Omissions as actus reus

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Omissions as actus reus

Normal rule is that omissions can’t make a person guilty of an offence.

Exceptions to the rule –

  • A duty undertaken voluntarily
  • A duty through one’s official position
  • A duty which arises because D has set in a motion a chain of events
  • A duty because of a relationship
  • A contractual duty
  • A statutory duty

A statutory duty –

Act of Parl can create liability for a duty.

For example failure to report a road traffic accident, and or failing to provide a specimen of breath.

These offences can only be committed by failing to do something.

For example s1 of the Children and Young person’s Act 1933 puts the parents who are legally responsible for a child under duty for providing food, clothes, medical aid and lodging for their children.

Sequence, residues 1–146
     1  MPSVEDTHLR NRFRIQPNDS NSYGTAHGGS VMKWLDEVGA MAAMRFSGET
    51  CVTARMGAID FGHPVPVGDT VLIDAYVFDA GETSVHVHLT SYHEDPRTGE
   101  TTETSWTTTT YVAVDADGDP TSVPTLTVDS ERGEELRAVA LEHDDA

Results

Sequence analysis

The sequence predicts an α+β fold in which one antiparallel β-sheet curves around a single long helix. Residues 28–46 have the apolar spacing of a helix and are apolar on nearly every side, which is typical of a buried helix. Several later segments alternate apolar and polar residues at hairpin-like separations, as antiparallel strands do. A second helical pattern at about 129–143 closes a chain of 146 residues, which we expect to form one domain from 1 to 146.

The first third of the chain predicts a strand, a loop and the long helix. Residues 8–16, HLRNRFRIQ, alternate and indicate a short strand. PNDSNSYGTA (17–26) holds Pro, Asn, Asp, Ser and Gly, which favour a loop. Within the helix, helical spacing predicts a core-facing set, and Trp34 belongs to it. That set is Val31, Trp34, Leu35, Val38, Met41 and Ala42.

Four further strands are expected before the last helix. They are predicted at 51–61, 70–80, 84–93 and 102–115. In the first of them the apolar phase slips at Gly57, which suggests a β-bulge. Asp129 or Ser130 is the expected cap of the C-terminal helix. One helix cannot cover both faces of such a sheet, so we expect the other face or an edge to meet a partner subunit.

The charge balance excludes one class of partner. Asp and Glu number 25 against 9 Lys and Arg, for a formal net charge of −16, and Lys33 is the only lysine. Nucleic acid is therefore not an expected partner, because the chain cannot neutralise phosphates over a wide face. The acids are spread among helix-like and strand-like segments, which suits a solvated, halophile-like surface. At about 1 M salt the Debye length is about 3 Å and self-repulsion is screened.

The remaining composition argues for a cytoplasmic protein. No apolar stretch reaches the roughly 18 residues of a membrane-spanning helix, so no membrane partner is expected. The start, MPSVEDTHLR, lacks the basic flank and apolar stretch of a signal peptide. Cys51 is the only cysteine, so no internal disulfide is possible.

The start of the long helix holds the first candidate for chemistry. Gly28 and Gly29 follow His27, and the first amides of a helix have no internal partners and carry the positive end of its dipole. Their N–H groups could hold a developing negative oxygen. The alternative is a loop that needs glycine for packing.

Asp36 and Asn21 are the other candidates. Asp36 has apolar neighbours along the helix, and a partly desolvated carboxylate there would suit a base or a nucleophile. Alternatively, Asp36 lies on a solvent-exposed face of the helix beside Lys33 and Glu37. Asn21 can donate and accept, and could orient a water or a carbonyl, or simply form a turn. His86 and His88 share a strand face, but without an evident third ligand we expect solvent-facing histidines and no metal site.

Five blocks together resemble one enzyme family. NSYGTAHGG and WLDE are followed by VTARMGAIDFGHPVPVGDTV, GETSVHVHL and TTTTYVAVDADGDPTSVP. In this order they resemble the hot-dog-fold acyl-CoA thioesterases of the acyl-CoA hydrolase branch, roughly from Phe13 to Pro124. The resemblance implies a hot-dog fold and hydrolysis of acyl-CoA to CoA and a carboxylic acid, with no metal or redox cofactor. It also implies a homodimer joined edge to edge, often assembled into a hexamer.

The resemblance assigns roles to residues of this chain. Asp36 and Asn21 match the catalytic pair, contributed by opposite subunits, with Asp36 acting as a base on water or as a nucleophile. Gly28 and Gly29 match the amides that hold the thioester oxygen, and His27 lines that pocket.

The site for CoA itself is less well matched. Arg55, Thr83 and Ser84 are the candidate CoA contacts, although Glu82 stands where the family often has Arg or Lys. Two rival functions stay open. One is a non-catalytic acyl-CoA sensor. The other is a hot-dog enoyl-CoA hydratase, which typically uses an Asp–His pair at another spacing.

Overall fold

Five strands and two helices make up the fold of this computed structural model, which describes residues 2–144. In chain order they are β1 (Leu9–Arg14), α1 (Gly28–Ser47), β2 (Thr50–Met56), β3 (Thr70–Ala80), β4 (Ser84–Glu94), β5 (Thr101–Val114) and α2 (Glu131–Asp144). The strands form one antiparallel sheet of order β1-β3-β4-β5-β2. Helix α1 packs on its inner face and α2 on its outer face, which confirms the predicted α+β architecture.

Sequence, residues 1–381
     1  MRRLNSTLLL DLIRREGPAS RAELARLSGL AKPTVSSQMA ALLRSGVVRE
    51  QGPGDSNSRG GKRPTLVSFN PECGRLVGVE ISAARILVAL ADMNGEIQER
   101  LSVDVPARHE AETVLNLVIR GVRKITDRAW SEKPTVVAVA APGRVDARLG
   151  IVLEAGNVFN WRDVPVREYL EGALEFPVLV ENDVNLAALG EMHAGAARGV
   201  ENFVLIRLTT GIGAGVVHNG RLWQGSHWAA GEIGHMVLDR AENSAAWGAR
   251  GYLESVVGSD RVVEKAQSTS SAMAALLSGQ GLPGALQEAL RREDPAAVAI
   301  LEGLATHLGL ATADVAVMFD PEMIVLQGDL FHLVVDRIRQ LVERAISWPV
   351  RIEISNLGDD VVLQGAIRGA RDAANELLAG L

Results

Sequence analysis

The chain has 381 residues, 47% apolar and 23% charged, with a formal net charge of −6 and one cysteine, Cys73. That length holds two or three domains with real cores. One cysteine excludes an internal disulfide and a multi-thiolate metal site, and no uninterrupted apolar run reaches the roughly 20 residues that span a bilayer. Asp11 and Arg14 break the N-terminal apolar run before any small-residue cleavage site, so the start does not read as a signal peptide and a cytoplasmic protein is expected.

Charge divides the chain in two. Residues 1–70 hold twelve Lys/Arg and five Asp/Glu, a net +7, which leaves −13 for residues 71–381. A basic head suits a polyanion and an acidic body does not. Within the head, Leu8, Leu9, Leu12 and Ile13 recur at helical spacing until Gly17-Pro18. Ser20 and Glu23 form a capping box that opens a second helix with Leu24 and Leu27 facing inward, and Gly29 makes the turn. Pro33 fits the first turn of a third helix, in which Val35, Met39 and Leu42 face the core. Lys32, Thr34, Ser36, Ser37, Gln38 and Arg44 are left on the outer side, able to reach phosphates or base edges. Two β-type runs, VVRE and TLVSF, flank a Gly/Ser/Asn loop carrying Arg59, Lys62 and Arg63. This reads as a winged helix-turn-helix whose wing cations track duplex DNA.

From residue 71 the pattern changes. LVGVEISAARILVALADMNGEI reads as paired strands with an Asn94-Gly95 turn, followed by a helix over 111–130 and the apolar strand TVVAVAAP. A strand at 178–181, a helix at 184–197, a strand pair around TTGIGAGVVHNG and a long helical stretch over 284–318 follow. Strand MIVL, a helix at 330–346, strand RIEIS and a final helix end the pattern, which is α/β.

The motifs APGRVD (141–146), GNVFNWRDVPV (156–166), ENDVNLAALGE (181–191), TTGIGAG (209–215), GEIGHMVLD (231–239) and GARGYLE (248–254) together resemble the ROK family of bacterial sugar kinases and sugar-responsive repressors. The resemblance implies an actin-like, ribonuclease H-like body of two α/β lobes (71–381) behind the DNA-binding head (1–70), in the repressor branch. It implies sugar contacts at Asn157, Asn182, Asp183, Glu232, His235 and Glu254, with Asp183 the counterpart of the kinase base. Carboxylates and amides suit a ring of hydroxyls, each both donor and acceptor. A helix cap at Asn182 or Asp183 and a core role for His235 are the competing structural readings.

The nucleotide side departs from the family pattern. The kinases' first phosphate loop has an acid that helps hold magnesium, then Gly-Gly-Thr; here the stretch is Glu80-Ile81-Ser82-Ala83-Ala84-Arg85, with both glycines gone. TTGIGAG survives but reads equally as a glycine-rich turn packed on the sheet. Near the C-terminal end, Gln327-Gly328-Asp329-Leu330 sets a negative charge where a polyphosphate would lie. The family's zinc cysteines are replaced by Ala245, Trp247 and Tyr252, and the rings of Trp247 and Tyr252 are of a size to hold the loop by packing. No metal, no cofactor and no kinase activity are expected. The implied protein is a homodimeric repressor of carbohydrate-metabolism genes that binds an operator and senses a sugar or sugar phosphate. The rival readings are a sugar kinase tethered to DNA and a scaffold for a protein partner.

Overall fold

A contractual duty - Where a person is under a contract to act, his failure can be a criminal offence.

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R v Pittwood (1902)

Pittwood was a railway crossing keeper and omitted to shut the gates. Having opened the gates to allow a cart to pass over the line he forgot to close it before going off to lunch. A few minutes later a passing train killed the driver of a hay cart as it was crossing the line. He was convicted of manslaughter as it was his job to keep the line safe.

A more modern example would be if a lifeguard left his post unattended to. His failure to leaving the post unattended could make him ...

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